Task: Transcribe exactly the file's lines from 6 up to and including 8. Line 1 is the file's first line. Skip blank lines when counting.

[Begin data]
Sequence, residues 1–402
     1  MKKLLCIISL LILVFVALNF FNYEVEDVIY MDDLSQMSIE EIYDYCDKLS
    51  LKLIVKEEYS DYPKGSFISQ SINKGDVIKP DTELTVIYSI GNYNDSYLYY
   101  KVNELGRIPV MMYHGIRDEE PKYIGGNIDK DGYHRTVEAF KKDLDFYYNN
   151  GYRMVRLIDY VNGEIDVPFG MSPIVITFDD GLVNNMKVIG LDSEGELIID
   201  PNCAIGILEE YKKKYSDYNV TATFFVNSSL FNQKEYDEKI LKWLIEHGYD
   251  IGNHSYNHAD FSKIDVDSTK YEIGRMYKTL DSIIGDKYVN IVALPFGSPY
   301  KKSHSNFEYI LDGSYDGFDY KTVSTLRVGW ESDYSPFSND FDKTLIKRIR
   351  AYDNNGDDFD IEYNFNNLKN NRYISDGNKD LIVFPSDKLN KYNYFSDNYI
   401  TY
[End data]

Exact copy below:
   201  PNCAIGILEE YKKKYSDYNV TATFFVNSSL FNQKEYDEKI LKWLIEHGYD
   251  IGNHSYNHAD FSKIDVDSTK YEIGRMYKTL DSIIGDKYVN IVALPFGSPY
   301  KKSHSNFEYI LDGSYDGFDY KTVSTLRVGW ESDYSPFSND FDKTLIKRIR